Busse uses only natural materials when constructing his gardens, a feat accomplished with such plants as Contorta (Harry Lauder's Walking Stick) and grapevine tendrils; the tightly coiled wood of these plants are used to recreate the elegance of French Quarter wrought-iron balconies. Details are endless: delicately shaved wood becomes the flowing tail of Andrew Jackson's horse that stands in Jackson Square; acorn tops crown columns on mansions depicted such as the one at 2222 Esplanade Ave.; and bamboo forms the calliopes of a Mississippi River steamboat. Leaves are pressed flat to collectively form the spires of St. Louis Cathedral, with the city's most famous church standing at a height of 39 inches and serving as the focal point of Busse's train garden.
In all, the Celebration in the Oaks structures will encompass more than 15 houses, a Canal Street streetcar, and more than 100 live plants, including miniature holly, poinsettias, live oaks, 2- to 3-foot crape myrtle, Alberta Spruce and assorted evergreens. Once all the houses are constructed, they are dipped entirely into polyurethane, which provides a weather-resistant coating as well as a glossy veneer. "Every single inch of the train garden is used," Busse says, "textured either into the garden, houses or train."
One of the obvious challenges faced by Busse is creating true scale. It is a problem he approaches more like an artist than an architect. "I definitely let my visual scale control the construction more than the ruler," Busse says. "My aim is just to make it feel right; it's more of a collage of scale."
Local City Park officials share Busse's enthusiasm for the train garden. "We really set out to try and give people more of an experience this year," says Paul Soniat, director of City Park's Botanical Garden. "I think this is something people will really like and enjoy. Plus, there's the whole connection we can make to New Orleans, with the architecture and the history of trains here, with the streetcar especially."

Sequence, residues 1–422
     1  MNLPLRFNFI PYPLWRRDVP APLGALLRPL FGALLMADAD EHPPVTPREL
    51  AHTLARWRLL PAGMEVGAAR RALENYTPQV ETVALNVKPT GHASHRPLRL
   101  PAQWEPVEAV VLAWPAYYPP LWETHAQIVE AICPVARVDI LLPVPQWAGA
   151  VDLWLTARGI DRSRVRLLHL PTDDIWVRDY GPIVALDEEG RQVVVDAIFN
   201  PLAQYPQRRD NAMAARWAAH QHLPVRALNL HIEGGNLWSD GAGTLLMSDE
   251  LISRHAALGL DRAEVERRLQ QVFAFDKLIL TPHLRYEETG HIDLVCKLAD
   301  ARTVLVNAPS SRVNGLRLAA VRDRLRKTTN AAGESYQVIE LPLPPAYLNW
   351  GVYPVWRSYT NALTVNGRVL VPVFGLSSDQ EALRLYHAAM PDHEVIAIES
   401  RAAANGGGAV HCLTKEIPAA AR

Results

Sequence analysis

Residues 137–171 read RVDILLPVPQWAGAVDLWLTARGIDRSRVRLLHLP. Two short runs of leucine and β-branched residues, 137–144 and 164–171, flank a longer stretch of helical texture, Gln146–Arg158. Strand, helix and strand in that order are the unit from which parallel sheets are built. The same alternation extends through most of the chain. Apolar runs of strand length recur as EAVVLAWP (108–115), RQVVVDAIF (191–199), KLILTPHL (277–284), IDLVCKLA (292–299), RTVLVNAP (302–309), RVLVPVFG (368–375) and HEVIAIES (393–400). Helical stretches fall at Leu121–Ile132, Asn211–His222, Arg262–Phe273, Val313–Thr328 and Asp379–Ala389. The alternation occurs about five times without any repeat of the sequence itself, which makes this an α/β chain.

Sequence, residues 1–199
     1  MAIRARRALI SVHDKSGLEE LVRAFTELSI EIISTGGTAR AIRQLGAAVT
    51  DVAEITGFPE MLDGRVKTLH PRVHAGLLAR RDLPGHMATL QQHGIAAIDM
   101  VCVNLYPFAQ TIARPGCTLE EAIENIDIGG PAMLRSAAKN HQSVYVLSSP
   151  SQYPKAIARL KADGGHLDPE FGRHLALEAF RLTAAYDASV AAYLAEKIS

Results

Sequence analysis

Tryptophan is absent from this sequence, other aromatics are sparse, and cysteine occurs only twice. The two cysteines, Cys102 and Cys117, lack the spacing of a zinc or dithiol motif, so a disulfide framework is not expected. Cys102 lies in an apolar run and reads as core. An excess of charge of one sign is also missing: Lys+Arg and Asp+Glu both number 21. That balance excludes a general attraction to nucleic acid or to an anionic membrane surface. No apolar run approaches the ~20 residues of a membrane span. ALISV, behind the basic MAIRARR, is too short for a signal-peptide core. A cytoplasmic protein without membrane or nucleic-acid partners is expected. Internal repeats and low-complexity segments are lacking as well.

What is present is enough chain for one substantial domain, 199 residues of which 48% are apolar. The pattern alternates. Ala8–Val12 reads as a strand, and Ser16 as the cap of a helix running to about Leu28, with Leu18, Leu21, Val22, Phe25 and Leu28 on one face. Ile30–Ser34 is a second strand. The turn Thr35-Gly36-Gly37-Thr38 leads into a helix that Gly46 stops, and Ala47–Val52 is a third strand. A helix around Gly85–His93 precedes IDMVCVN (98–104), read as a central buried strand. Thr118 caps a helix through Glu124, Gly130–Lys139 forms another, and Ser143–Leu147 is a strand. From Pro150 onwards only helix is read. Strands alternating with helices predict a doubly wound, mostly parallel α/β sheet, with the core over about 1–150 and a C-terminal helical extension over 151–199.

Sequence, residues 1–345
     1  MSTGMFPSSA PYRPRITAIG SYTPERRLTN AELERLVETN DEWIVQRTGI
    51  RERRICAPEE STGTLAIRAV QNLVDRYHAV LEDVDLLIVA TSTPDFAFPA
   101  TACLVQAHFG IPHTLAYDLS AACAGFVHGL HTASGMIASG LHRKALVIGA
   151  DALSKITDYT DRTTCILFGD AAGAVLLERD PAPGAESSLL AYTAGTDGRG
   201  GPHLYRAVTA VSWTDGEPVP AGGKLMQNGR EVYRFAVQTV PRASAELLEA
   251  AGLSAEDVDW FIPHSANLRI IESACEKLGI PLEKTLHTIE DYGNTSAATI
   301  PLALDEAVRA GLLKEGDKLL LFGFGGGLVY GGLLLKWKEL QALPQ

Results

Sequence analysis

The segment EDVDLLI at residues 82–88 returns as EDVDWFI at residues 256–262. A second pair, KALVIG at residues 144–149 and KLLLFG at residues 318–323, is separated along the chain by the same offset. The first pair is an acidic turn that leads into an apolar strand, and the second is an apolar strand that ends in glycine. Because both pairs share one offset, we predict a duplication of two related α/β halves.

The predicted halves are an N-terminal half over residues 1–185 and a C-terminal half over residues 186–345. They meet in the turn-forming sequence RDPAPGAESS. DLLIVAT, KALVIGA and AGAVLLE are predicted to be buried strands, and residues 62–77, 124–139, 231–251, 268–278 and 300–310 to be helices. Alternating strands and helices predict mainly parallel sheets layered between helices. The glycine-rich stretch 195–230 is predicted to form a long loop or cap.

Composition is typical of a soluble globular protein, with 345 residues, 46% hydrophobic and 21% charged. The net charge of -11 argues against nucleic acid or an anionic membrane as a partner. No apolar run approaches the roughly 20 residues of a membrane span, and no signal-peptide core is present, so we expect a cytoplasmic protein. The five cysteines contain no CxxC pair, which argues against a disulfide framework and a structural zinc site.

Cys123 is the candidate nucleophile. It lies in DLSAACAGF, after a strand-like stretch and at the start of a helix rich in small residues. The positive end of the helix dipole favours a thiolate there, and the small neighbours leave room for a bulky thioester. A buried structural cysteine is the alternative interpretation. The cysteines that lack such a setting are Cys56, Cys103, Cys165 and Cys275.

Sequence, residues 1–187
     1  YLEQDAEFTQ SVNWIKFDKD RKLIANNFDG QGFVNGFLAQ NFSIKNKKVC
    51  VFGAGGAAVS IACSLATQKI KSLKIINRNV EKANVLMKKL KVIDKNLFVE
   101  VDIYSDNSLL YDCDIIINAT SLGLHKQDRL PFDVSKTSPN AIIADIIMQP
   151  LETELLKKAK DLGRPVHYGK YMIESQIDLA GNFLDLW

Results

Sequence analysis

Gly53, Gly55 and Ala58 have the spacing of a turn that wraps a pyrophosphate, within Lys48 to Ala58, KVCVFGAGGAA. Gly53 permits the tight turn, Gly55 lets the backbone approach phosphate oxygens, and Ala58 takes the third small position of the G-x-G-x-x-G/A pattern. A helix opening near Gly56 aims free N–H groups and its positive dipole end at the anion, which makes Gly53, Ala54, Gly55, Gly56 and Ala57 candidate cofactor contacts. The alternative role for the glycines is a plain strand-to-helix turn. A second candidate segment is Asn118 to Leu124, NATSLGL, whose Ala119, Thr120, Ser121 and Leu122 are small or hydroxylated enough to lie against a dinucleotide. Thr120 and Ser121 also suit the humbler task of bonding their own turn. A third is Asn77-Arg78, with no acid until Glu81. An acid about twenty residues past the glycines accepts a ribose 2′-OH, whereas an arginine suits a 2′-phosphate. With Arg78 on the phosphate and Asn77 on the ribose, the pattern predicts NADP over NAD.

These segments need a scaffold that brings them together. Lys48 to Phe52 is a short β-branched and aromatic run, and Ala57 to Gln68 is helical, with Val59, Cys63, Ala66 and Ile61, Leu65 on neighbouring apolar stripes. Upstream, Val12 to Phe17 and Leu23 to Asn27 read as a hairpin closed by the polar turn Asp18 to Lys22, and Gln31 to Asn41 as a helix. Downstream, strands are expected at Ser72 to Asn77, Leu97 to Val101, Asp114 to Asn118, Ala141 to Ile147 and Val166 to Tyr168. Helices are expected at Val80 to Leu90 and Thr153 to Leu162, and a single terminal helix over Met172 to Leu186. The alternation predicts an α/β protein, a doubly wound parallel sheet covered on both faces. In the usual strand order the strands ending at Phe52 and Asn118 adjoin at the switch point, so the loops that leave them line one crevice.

Soniat -- who heard of Busse after reading a profile of him and his work in the trade magazine Botanical Gardens -- adds that City Park and Busse are currently in discussion about having the train garden become a permanent feature in the park. "One of the great things about the train garden is that it can evolve so easily," Soniat says. "We can do a number of things. We can use it to illustrate the history of our city, we can feature a new neighborhood every year."
Busse believes interest in his train gardens will remain constant over the years. "Train gardens are fascinating for people because they combine so many different hobbies," he says. "It brings in gardening -- which is America's favorite hobby -- with model trains, ponds, rock gardens, architecture and history. It's the best of all those hobbies."
For this year's Celebration in the Oaks, plans call for Busse's exhibit to be housed under a tent behind the Conservatory, with the entire train garden situated in a space 12 feet across and 8 feet high. Visitors will enter the train garden through a tunnel, a perfect pathway for appreciating Busse's vision.
"When people enter through that tunnel, it makes it so they enter the train garden, not just looking at it from the outside," Busse says. "It breaks the scale barrier; they're no longer a giant looking down. It puts that person's perspective in there; the train garden evolves into its own world. People will feel like they're walking through New Orleans, from the French Quarter to the Garden District to Esplanade Avenue. It's a three-dimensional experience of sights and sounds."